“So, guess who failed another Physics quiz?” Anna asked.

            “Poor guy,” Paige commented. Charlotte had to agree with her. She still remembered Luke’s expression from Monday, like it had been printed into her mind. That kind of misery didn’t suit him, and she wondered how much worse he would look after the weekend when she would see him again.

            “Apparently he’s been studying all week, and he still failed,” Anna continued. “His girlfriend was ranting on and on about how he worked so hard… and then she totally went crazy about how unfair Mr. Unwin was.”

            “That must have been awful for him,” Charlotte said.

            “Stop going soft!” Anna yelled, chucking a pillow at her. “He deserves it Charlie! You went to the hospital, remember?”

            “But he didn’t know about that…”

            “You believe his lame-ass apology? Suggestion here. DON’T! If I told you half of the stuff I heard about him, I’d feel like washing my mouth out with disinfectant. You’d probably clean your ears out with bleach.”

            “Don’t tell me then,” Charlotte answered. “I’m convinced. He’s the Antichrist. Happy?”

            “Very,” came the smug reply. They talked another hour, and fell asleep without knowing when. Charlotte spend the Sunday catching up on her homework and playing with the twins. She didn’t think about Luke at all. Whenever thoughts of him seeped into her mind she pushed them away, occupying herself with something or another.

            Monday morning there were no distractions. She came to school earlier than usual. Margo was sick and Jenny dropped her off on her way to work. Charlotte realized that she hated the school without the students. It felt empty and wrong, until she heard the sound of someone playing basketball. It was a distance away, but in the stillness of the morning the sound carried.

            She slowly walked around the school building to the abandoned playground that she and Anna sometimes hung around. Most other students avoided it. There was a basketball court in one corner, but no one used it anymore. The newer indoor courts were much better.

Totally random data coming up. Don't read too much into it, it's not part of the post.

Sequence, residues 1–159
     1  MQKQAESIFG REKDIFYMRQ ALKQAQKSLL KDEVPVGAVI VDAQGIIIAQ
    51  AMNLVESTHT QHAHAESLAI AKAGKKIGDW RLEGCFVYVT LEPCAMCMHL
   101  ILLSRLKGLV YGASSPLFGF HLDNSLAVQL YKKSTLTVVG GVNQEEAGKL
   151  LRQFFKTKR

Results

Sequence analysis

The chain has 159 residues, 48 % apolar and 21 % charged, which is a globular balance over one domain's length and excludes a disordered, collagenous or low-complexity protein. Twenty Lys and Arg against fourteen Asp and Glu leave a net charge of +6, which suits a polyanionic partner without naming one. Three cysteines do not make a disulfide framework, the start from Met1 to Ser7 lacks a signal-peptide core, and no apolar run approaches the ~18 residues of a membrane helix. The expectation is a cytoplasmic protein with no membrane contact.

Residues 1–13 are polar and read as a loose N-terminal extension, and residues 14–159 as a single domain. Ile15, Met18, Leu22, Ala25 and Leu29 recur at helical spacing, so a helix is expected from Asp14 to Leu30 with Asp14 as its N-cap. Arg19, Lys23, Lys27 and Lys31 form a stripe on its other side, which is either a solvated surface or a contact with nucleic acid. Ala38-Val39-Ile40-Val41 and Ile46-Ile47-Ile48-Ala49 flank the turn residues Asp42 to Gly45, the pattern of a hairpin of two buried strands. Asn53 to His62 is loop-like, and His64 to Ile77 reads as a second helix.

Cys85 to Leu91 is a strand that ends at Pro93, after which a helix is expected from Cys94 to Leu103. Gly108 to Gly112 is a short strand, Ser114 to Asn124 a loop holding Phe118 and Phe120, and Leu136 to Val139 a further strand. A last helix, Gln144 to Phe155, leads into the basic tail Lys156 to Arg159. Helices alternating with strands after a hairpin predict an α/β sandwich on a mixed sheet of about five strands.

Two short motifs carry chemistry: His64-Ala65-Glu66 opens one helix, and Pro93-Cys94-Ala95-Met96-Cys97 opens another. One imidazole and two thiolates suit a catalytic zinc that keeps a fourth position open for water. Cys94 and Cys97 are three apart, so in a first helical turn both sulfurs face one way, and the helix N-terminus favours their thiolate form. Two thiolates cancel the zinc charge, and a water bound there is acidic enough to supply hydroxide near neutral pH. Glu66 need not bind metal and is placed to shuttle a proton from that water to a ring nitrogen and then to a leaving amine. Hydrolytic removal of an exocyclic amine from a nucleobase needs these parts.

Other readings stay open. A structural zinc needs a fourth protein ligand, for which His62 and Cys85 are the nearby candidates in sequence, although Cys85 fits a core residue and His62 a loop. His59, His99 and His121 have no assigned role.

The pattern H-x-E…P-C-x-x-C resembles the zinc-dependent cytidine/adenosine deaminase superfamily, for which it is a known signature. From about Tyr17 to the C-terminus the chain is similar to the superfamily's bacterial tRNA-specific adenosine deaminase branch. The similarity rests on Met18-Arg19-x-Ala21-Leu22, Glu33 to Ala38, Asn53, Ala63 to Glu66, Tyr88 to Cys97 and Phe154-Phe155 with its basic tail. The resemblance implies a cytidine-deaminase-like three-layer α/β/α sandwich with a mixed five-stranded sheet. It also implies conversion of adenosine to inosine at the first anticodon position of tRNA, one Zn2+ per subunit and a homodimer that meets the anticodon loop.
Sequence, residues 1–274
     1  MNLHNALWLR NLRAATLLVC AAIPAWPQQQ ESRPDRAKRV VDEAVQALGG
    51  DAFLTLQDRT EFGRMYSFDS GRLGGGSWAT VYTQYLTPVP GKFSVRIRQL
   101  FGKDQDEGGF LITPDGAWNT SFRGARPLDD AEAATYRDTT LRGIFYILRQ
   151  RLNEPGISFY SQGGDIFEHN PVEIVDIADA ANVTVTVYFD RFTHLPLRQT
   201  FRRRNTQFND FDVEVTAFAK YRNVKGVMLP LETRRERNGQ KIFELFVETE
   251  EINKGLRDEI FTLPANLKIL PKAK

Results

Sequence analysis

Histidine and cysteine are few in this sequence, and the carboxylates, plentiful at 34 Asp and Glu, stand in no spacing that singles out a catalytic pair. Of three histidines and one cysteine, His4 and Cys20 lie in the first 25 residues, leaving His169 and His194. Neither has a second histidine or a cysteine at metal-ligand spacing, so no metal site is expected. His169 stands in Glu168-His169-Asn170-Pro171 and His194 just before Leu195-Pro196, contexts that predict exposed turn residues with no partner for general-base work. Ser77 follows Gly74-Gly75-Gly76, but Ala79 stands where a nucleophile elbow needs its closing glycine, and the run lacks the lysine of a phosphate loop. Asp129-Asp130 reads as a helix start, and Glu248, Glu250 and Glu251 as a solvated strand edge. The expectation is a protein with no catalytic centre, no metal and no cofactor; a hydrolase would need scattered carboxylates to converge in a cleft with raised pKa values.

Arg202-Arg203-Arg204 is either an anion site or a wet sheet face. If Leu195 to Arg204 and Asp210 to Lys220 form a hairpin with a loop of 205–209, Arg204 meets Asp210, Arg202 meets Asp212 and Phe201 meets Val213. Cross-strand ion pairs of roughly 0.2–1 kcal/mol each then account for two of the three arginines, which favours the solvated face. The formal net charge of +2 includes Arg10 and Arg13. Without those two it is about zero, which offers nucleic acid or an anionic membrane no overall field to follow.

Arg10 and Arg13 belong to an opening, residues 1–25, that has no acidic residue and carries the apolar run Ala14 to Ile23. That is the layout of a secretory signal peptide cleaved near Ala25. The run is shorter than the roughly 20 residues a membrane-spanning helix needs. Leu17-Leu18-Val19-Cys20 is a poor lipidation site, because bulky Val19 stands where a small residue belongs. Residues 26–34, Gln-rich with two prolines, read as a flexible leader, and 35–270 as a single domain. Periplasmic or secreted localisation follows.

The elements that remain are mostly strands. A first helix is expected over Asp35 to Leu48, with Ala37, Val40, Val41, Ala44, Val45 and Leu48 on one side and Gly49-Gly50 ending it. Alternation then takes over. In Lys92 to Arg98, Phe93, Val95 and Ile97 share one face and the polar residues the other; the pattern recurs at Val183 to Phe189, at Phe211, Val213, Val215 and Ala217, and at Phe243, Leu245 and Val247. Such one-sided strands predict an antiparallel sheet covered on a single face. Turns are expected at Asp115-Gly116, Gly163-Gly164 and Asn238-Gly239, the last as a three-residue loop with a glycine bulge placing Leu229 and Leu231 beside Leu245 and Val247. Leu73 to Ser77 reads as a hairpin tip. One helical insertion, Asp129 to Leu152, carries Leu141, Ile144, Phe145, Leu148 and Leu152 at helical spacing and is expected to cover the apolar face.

A guy in a black hoodie was playing in the court, roughly and aggressively. He moved quickly to all sides, an imaginary opponent in front of him. Finally he jumped up and made the shot. Charlotte envied the fluidity in his moments, the sureness of his steps, and the way he played like it was life. It seemed like he belonged on that court and nowhere else.

            “Nice shot,” she called out to him. He turned around and pushed back the hood of his sweatshirt. She paled on seeing who it was. Luke. He looked just as surprised to see her. Charlotte turned around and headed for the front entrance of the school. She could only imagine what the guy thought. He could think she was a stalker, a crazy fangirl (he had plenty of those), and a dozen other things that were just the same.

            Before she could get to the door he was standing in front of her.

            “I told you this before, but when someone’s talking to you, you don’t walk away,” he said with a small smile.

            “You weren’t talking to me.”

            His lopsided smile was replaced by a blank look as he realized she was right.

            “I meant, you don’t leave in the middle of a conversation,” he replied.

            “‘Nice shot’ is two words, not a conversation,” she commented. “Anyway, I’m sorry about the whole basketball thing.”